- roll back “good time” provisions for nonviolent offenders who are convicted four times or more, requiring them to serve additional time in prison before qualifying for parole or probation;
- increase penalties for simple theft when the crime involves an assault against a store employee; and
- reduce “good time” persons convicted in the death of a peace officer can earn.
Landry might also choose to revive his so-called “Truth and Transparency” bill to make public the names of accused juvenile offenders in Caddo, East Baton Rouge and Orleans parishes. Opponents have criticized its isolation on the state’s three largest urban centers — this year’s version excluded the other 61 parishes — and disregard for the lasting stigma on youth who end up vindicated.
Another source for Landry’s legislative fodder will be the Louisiana Violent Crime Task Force, a group separate from the second-degree murder cohort. It’s composed of lawmakers, law enforcement and criminal justice stakeholders. Then-state Rep. Alan Seabaugh, R-Shreveport, created the panel in this year’s session as he struggled to gain support for his “raise the age” bill for accused 17-year-olds. Seabaugh has since been elected to the Louisiana Senate, which becomes more conservative as a result and will provide less of a bulwark against far-right crime proposals.
The Violent Crime Task Force has a Dec. 31 reporting deadline for any policy recommendations it wants to share with the legislature. In the resolution that created the body, Seabaugh makes clear his intent to undo Edwards’ Justice Reinvestment Initiative (JRI), which had bipartisan support from lawmakers, to lower the state’s prison population.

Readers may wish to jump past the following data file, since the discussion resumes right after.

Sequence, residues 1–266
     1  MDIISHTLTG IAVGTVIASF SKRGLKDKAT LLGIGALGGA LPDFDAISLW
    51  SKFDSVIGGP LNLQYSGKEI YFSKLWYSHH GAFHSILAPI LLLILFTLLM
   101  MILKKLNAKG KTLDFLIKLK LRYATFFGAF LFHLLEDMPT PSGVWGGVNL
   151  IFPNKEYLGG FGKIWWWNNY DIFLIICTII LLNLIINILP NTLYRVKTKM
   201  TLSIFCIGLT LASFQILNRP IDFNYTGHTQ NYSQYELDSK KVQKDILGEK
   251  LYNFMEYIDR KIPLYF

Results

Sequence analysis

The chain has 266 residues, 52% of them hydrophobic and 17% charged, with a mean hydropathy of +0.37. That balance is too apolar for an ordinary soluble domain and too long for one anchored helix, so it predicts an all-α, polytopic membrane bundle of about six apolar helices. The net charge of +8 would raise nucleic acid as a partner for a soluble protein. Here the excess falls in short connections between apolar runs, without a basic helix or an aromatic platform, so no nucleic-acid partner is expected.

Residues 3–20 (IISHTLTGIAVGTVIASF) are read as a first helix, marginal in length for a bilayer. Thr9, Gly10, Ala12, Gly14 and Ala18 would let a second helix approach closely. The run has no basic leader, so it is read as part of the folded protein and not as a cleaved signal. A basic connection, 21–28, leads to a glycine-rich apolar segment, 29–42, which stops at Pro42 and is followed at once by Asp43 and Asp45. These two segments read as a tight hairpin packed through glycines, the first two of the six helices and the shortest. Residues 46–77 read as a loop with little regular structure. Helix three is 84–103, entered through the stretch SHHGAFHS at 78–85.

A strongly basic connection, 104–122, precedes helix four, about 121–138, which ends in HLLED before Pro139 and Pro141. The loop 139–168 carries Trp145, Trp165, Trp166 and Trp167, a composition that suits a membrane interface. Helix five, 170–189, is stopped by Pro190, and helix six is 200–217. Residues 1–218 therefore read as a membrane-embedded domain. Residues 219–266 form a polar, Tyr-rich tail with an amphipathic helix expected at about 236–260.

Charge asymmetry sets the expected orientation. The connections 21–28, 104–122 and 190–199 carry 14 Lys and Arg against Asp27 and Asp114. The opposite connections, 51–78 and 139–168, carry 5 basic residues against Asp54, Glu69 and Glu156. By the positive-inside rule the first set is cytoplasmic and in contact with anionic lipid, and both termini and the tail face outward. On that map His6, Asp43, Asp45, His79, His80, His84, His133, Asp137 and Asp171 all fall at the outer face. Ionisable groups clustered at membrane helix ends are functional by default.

At its Oct. 19 meeting, the task force heard from advocates for crime survivors, equitable justice and prison alternatives. They asked that members consider the consequences of incarcerating more people for longer sentences, noting the correctional system’s current lack of resources to provide mental health care and constitutionally required settings and services for juveniles. Support and compensation for victims has also increased as a result of JRI-inspired measures, they noted.
Michael Cahoon, an organizer with the Promise of Justice Initiative, pointed out at last month’s hearing that the Louisiana House Committee on Criminal Justice has considered more than 1,000 bills since the JRI proposals were approved and between 500 and 600 of them were approved. The JRI package consisted of 11 bills, for which tough-on-crime lawmakers now want to see data to show if there was a corresponding benefit, whether through a reduction in crime or benefit to survivors and society. Cahoon suggested lawmakers seek comparable data for the hundreds of other laws that have been approved.
As the holidays approach and legislative activity slows to halt, it might not be until after Landry takes office that we gain a true idea of what criminal proposals he has in store. His transition advisory councils have met privately, and lawmakers won’t convene until their organizational session on Jan. 8. As with redistricting, the legislature cannot pull together officially for at least another week after its members take office.
To borrow from the Greek philosopher Heraclitus, the one thing we can depend on when it comes to Louisiana’s crime policy is change.
SUPPORT NEWS YOU TRUST.
Our stories may be republished online or in print under Creative Commons license CC BY-NC-ND 4.0. We ask that you edit only for style or to shorten, provide proper attribution and link to our web site. Please see our republishing guidelines for use of photos and graphics.